Hypertrophic cardiomyopathy (HCM) is a genetically inherited heart disease. It causes
thickening of heart muscle, especially the chamber responsible for pumping blood out of the
heart, the left ventricle. Hypertrophic cardiomyopathy (HCM) is the most important cause of
sudden death in apparently healthy young people.
A genetic test called linkage analysis is used to locate genes causing inherited diseases
like HCM. Linkage analysis requires large families to be evaluated clinically in order to
identify the members with and without the disease.
In this study researchers will collect samples of DNA from family members of patients with
HCM. The diagnosis of the disease will be made by history and physical examination,
electrocardiogram (12 lead ECG), and ultrasound of the heart (2-D echocardiogram). The
ability of the researchers to locate the gene responsible for the disease improves with
increases in the size of the family and members evaluated.
In order to continue research on the genetic causes of heart disease, researchers intend on
studying families with specific genetic mutations (beta-MHC) causing HCM. Researcher plan
to also study families with HCM not linked to specific gene mutations (beta-MHC).
Hypertrophic cardiomyopathy (HCM) is the most important cause of sudden death in apparently
healthy young individuals but its clinical manifestations are highly variable. Linkage
analysis is used to localize a gene causing an inherited autosomal dominant disease, such as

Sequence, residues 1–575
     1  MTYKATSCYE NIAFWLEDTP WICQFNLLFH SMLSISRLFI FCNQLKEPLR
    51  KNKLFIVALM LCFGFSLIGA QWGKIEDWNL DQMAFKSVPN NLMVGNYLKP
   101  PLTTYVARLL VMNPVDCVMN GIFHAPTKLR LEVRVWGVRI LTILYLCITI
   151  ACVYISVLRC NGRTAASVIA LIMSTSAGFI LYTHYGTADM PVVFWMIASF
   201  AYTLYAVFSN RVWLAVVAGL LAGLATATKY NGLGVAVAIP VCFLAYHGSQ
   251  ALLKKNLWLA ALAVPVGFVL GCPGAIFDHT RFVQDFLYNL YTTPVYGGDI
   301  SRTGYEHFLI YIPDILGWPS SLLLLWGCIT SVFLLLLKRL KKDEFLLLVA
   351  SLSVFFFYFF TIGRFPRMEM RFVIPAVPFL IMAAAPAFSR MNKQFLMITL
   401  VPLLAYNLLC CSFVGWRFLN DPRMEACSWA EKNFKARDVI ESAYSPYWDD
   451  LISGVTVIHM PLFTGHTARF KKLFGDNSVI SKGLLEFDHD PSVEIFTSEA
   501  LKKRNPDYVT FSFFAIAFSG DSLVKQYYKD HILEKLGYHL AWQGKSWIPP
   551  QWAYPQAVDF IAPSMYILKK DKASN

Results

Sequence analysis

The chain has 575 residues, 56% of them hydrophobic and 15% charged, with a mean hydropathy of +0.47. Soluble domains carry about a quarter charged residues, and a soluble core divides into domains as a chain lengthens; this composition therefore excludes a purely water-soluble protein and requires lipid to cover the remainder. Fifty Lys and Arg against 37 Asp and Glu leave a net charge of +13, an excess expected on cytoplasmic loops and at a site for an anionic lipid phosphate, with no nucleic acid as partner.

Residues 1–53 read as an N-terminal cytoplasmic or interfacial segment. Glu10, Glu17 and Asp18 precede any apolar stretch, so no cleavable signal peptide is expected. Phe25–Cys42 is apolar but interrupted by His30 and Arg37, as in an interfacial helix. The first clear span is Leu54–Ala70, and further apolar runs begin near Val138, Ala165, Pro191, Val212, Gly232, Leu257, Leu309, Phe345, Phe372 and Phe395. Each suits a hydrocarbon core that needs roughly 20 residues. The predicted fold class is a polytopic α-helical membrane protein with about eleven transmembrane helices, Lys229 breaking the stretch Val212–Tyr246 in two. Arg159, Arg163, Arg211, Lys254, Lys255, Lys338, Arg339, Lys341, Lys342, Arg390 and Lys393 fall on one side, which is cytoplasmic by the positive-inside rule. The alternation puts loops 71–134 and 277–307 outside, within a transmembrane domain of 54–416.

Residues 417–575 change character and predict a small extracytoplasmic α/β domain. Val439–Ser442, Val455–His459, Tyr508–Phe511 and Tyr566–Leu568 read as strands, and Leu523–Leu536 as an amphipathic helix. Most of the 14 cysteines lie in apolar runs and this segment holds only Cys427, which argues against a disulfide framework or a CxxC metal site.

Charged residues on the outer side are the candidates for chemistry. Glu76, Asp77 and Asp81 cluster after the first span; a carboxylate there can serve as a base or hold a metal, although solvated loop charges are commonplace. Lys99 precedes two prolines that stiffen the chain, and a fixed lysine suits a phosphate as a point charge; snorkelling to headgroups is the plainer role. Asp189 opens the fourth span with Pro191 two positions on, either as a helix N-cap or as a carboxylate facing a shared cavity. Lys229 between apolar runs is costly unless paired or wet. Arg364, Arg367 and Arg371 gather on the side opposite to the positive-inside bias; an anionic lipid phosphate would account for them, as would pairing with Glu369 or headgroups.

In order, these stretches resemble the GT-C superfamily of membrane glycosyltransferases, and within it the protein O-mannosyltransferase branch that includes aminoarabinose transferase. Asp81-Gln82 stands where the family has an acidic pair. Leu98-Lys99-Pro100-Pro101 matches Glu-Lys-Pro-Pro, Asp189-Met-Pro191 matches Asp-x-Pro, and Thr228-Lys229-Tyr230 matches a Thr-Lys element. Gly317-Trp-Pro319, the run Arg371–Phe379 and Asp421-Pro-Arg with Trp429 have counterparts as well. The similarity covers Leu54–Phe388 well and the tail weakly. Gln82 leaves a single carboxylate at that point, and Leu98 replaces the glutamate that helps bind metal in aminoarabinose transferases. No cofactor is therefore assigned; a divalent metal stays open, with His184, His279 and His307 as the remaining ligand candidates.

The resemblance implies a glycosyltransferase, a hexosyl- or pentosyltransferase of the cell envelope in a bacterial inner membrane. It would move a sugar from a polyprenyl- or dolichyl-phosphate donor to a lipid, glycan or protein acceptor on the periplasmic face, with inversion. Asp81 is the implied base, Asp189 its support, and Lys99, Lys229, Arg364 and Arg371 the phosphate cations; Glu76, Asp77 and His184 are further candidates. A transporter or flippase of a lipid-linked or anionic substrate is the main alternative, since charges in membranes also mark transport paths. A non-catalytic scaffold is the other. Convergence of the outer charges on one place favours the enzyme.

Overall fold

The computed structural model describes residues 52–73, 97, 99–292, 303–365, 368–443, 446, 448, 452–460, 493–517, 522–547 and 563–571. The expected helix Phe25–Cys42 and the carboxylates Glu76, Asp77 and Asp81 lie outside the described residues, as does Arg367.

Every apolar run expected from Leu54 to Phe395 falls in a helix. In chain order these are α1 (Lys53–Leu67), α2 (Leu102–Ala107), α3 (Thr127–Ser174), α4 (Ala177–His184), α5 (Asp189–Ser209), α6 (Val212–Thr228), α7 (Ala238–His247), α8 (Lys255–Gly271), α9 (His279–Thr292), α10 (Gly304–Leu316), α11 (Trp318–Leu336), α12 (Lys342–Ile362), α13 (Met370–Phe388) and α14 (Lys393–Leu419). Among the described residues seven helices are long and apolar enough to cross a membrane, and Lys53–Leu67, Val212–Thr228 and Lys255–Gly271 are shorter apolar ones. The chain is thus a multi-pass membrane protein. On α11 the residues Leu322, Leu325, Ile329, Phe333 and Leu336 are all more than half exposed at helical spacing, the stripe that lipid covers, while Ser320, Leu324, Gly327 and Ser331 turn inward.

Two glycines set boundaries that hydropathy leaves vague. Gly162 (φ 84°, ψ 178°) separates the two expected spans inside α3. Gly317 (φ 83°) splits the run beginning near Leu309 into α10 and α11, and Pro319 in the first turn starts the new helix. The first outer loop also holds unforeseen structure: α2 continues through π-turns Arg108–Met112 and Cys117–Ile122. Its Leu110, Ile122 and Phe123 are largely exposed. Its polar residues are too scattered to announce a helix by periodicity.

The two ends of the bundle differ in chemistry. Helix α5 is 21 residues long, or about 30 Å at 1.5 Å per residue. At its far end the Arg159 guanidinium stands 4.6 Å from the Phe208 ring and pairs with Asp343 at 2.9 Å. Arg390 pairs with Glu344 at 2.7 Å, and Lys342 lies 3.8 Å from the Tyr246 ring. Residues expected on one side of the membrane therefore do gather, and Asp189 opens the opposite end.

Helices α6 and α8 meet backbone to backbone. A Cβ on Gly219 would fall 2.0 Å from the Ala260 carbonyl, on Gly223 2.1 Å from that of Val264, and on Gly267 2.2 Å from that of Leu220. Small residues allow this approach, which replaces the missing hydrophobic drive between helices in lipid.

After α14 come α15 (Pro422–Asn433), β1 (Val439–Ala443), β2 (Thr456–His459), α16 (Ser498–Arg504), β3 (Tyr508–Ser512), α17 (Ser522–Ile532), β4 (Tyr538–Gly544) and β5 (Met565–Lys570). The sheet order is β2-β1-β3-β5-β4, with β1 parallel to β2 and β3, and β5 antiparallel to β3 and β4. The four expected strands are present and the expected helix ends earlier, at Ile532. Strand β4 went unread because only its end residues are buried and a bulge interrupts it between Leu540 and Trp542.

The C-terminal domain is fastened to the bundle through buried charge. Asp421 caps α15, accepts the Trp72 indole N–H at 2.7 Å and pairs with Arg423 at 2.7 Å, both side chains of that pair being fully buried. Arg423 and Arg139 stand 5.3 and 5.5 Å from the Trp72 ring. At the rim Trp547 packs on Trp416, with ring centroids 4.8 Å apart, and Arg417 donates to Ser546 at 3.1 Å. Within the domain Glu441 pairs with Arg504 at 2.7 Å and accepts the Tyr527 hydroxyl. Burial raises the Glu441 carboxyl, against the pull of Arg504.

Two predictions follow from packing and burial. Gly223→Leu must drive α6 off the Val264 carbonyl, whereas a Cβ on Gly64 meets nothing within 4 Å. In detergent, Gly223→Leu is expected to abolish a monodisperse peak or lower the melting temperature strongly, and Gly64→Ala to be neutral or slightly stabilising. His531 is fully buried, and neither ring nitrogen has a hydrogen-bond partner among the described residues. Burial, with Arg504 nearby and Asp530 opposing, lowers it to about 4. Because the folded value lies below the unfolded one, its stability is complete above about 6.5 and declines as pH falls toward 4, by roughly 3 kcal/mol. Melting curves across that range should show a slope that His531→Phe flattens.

HCM. Linkage analysis requires that large families be evaluated clinically to determine the
members with and without the disease. For this study, DNA needs to be extracted from blood
samples of family members. The presence of the disease is determined by history and
physical exam, 12 lead ECG and 2-D echocardiogram. The likelihood of localizing the gene
increases with the size of the family and the number of members evaluated. The beta myosin
heavy chain (beta-MHC) gene has been shown to be responsible for HCM in 10%-30% of affected
kindreds. Other linage studies have shown that there are at least 3 other genes which cause
HCM in other kindreds, but these genes are presently unknown. We have identified 13 unique
mutations in the beta-MHC gene which cause the disease in 17 kindreds. This has allowed us
to demonstrate skeletal muscle involvement, study the abnormal physiology which is a
consequence of the mutations, make pre-symptomatic diagnosis, and redefine the natural
history of the disease. In order to continue our clinical and laboratory studies of this
disease over the next 3 years, it is our intention to identify 50 additional HCM kindreds,
with approximately 50 members each, that have beta-MHC gene mutations. During this time, in
order to map other HCM genes, we will also evaluate at least 6 families, of approximately
300 members each, in which the disease is not linked to the beta-MHC gene.
Patients with a family history of hypertrophic cardiomyopathy are eligible.